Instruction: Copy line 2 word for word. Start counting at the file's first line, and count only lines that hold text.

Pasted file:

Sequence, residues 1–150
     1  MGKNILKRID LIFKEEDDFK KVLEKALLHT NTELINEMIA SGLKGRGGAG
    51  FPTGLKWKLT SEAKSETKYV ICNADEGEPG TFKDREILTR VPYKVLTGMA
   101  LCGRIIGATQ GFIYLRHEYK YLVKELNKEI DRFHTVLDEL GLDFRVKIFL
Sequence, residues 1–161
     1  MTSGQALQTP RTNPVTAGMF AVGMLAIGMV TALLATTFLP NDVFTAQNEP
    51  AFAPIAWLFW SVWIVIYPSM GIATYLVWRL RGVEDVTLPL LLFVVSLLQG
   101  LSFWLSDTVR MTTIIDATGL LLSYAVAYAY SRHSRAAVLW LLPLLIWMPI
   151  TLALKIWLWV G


     1  MGKNILKRID LIFKEEDDFK KVLEKALLHT NTELINEMIA SGLKGRGGAG